This is just a pair of plain, boring grey socks that I knitted on the vintage Knitmaster 4500 with a Ribmaster attachment to do the ribbing.
This is the pattern I used which is one I put together using bits from various other patterns that I found in Modern Knitting magazines. I never check the tension when I’m knitting socks as I’ve found that the 4ply yarns I’ve used in the past usually knit up more or less the same. I don’t think I’ve knitted any socks using this pattern that haven’t fitted me.
The pattern is written for just one size which is 9½ inches from the back of the heel to the toe, or a size 6UK.
It takes roughly 50g of 4ply to knit the pair.
With the Knitmaster set on T5 and the Ribmaster set on T7, cast on 55 sts and knit 26 rows 1×1 rib.
Transfer all sts to the Knitmaster and change to T6.
Knit 40 rows, increasing 1 stitch at the beginning of the first row.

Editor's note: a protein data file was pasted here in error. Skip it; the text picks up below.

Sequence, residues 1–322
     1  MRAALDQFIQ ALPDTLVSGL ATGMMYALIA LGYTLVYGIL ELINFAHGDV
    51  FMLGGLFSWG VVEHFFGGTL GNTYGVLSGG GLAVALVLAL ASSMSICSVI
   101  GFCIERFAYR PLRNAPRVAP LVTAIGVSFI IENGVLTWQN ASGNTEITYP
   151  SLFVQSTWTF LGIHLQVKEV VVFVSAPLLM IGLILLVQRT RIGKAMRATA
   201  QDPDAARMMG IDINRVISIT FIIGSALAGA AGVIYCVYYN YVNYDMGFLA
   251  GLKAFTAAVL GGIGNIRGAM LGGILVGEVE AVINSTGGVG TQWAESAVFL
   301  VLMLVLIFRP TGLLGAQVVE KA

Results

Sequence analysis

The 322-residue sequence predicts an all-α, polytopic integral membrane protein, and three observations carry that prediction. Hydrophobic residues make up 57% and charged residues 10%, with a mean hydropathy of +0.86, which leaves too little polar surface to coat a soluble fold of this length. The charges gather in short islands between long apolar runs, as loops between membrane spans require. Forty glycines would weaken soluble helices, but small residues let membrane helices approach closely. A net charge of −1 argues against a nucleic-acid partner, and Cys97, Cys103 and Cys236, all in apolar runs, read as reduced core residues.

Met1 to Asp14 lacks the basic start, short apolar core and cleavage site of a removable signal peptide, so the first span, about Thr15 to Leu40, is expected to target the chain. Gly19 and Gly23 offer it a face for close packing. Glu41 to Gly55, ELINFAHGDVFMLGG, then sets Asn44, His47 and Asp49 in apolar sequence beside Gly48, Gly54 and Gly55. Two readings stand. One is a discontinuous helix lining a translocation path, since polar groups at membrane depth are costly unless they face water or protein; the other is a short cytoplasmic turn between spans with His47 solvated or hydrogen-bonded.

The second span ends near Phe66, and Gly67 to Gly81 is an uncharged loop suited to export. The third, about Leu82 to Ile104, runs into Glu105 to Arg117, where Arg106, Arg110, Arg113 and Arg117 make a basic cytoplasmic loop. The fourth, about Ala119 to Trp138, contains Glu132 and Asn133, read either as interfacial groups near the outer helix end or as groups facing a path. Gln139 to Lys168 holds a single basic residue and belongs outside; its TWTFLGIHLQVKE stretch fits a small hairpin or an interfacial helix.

Put 14 sts at each side onto waste yarn and continue on the centre stitches only.
Knit 52 rows.
Toe- change to T5
Place 1 needle into HP at the side opposite to the carriage for the next 20 rows, wrapping the yarn around the first HP needle to avoid holes forming.
Place one needle back into WP at the side opposite the carriage for the next 20 rows, wrapping the needles as before.
Sole- change to T6
Knit 52 rows (you can seam-as-you-go here if you wish)
Heel-change to T5 and work as for toe.
Fold the work that is on waste yarn towards the centre and place the stitches back onto the needles. Remove the waste yarn and knit the stitches you’ve just put back on through the stitches that were already on the needles, thus joining the base of the ankle to the top of the heel.
Alternatively you can knit a few rows of waste yarn after your last row of knitting and take it off the machine to graft the ankle to the heel using kitchener stitch or your preferred method.
Join the back seam and the side seams if necessary.
I made a video showing how I knitted the sock which includes how I did the seam as you go. It’s a little long at around 26 minutes but I hope you find it useful.
Talk to you later,